Ublox GPS Click EEPROM Upgrade

The GPS Click (MIKROE-1032) is a great breakout board from MikroElektronika featuring the Ublox LEA-6S GPS receiver. The “Click” format allows the tiny Ublox module to be plugged into a breadboard for easy prototyping.

I’ve been very satisfied with the module except for one thing; I have not been able to make permanent configuration changes that survive a power loss event. It seems that every time the module loses power, the settings revert to factory defaults. This can be annoying when trying to use the module with different serial baud rates. Armed with this frustration, I tried to find a solution.

The first big hint comes from page 9 of the datasheet (pdf), which states:

1.10.4.1 External serial EEPROM
LEA-6A and LEA-6S modules allow an optional external serial EEPROM to be connected to the DDC interface. This can be used to store Configurations permanently.
For more information see the LEA-6/NEO-6/MAX-6 Hardware Integration Manual.

So we can store settings permanently, we just need an external EEPROM to do so.

The pin assignment table on page 13 of the datasheet shows that pin 1 and pin 2 of the LEA-6S module can be used for the connection of an external EEPROM to the DDC interface (which is I2C compatible):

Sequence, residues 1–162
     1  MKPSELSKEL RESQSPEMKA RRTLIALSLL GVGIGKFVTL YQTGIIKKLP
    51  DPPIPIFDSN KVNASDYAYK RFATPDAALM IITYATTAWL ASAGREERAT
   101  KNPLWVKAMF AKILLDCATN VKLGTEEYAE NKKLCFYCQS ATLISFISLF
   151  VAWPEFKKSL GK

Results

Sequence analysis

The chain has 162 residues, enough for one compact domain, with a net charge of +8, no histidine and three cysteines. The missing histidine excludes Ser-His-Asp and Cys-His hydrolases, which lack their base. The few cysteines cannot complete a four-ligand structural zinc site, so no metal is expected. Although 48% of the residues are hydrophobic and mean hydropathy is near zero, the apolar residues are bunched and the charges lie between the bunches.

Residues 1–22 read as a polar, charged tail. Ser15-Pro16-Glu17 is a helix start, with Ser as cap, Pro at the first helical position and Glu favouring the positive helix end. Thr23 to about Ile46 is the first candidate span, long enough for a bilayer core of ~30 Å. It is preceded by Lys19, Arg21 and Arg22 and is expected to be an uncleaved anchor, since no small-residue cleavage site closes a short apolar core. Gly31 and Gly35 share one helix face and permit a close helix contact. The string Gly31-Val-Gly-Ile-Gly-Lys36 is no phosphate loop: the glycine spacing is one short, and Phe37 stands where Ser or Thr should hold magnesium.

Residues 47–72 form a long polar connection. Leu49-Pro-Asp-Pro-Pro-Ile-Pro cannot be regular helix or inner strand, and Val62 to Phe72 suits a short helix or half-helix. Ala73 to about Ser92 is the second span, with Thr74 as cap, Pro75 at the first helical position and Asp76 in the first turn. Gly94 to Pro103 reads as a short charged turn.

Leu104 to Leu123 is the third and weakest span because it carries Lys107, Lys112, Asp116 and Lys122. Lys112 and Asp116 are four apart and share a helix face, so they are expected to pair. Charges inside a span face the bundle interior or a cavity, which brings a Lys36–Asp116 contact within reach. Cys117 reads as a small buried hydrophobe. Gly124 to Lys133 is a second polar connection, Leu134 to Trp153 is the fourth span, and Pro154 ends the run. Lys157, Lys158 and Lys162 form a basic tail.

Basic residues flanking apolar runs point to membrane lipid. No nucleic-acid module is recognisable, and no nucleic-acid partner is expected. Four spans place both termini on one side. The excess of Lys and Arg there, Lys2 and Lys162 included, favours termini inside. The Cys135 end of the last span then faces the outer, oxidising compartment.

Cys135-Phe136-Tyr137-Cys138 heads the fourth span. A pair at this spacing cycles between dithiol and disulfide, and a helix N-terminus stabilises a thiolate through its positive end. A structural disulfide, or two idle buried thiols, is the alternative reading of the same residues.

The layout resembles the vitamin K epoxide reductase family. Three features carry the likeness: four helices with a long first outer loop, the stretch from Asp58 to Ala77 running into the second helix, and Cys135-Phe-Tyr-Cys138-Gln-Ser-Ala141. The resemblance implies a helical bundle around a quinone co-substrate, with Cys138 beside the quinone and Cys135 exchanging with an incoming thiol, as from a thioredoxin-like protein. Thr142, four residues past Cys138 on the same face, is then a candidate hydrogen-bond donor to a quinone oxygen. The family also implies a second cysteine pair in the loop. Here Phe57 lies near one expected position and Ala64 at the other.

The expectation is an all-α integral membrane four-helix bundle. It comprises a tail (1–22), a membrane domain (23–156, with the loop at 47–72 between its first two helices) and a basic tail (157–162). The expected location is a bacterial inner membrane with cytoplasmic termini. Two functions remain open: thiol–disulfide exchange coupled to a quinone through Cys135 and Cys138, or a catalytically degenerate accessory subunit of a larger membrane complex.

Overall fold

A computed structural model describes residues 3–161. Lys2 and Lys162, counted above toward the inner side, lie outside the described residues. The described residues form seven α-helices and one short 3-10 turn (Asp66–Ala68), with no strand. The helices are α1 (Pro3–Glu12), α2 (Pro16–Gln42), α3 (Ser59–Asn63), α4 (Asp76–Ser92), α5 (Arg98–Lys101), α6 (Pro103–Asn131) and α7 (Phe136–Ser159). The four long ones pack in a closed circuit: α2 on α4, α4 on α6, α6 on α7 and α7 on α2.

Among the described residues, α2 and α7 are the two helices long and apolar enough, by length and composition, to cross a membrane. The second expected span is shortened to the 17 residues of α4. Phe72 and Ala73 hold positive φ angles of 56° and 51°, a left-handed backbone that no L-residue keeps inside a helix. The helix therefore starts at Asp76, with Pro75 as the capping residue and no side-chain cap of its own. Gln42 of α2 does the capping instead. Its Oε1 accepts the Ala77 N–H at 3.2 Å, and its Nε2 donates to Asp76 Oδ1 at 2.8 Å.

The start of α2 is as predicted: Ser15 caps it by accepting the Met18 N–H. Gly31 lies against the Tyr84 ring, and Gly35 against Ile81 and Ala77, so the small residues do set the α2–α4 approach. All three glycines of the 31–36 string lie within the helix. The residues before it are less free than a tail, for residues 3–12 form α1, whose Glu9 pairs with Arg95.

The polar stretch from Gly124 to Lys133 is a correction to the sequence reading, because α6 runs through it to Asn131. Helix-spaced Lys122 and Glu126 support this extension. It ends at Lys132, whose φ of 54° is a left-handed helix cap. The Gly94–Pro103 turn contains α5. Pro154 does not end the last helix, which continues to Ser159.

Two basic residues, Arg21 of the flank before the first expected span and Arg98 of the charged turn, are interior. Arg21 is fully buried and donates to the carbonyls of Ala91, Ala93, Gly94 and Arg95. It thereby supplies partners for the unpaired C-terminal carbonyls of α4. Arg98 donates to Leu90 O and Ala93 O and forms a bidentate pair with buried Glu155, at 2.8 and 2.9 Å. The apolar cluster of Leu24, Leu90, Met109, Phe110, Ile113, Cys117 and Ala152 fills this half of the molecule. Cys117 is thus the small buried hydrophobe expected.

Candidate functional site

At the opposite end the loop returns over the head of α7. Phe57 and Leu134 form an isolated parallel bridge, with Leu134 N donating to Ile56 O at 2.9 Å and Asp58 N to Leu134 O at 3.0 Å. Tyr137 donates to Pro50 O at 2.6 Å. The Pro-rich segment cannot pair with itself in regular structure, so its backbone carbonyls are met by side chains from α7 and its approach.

That’s a promising start, but does the Click board allow pin 1 and pin 2 to be accessed? The wiring diagram for the Click board confirms that yes, indeed, pin 1 and pin 2 of the module are broken out to the corresponding SCL and SDA pins on the Click header:

This should make it a whole lot easier to connect an EEPROM to the Click board; it should be possible to tap into the traces adjacent the header pins, as opposed to soldering directly to the castellated pads of the LEA-6S module.

Can we use any generic EEPROM? The Hardware Integration Manual (pdf) says no. Only a handful of EEPROM chips are featured in the table of supported chips on page 13:

I picked the Microchip 24AA32A because it comes in a hand-solder-able SOT23-5 package, and it’s readily available from RS components (823-0701).

When the chip arrived, I set to work mounting it onto the Click board. I used the chip as a guide to scrape away the solder mask on the underside of the board for two ground connections. The top left connection is needed to pull the write protect pin of the EEPROM to ground, which enables read and write operations to be performed.

After soldering it to the board, I used magnet wire to connect the remainder of the pins to the adjacent vias for 3.3 volt power, and the SDA and SCL data lines.

And it’s complete! Now we need to check that configuration settings are actually stored in the EEPROM and retained during a power loss event.

To do this, we use “u-center”, which is a software suite developed by Ublox that can interface with the various GPS modules that they manufacture. I’m using Version 8.23, which can be found on the u-center web site.